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HIV-Susceptible Mice  In a May 2013 issue of PLoS ONE, Dr. Harris Goldstein and graduate student Kieran Seay report their development of a genetically engineered mouse that can be used to study HIV. Since a critical step in testing new drugs is to demonstrate effectiveness in mice; the researchers first had to overcome a critical obstacle: Mice cannot be infected by the virus. HIV infects by binding to and entering molecules via the proteins CD4 and CCR5, which are present on the cell surface of human immune cells. The virus then utilizes an internal protein, cyclin T1, to make copies of itself. The researchers were able to genetically engineer a mouse with the human copy of these critical genes, rendering the new mouse model susceptible to HIV infection. This “humanized” mouse model therefore provides a new way to conduct essential preclinical testing of HIV therapies to accelerate discovery of novel treatments. Dr. Goldstein is professor of pediatrics and of microbiology & immunology. He also is the Charles Michael Chair in Autoimmune Diseases and director of Einstein’s Center for AIDS Research.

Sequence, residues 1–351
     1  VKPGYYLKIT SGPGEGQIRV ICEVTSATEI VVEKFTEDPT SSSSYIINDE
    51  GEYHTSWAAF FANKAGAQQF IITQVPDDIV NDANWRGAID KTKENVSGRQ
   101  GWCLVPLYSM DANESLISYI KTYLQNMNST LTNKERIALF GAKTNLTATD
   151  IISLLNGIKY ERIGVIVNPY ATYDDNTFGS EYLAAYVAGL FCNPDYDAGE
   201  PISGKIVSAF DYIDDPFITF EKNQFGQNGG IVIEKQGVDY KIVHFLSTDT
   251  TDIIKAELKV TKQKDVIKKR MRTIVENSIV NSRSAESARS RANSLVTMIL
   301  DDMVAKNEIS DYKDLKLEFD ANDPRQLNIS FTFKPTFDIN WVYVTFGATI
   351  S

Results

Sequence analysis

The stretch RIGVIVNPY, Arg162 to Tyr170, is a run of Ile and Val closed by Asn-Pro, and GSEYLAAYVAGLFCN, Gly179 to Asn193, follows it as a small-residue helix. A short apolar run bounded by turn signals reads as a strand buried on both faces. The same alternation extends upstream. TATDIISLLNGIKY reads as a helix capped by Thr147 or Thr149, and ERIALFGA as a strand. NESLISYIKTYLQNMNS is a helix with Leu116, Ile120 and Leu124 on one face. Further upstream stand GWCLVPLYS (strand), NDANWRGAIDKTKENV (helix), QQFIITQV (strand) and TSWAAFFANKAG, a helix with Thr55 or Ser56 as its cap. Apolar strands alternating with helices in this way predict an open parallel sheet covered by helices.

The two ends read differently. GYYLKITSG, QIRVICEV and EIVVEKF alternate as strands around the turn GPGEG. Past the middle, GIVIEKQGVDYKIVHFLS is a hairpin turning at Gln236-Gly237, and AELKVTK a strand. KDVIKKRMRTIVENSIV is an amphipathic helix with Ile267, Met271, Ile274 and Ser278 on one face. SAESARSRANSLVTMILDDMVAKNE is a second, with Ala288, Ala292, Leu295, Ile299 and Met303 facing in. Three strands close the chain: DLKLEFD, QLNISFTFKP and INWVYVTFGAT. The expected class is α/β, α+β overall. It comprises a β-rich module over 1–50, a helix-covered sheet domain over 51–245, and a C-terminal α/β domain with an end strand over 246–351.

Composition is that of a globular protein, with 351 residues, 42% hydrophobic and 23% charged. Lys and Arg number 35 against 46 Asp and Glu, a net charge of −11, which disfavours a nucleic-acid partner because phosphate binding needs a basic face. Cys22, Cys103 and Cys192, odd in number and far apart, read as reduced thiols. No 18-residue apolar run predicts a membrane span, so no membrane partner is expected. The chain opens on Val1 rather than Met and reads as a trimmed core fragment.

Wednesday, July 31, 2013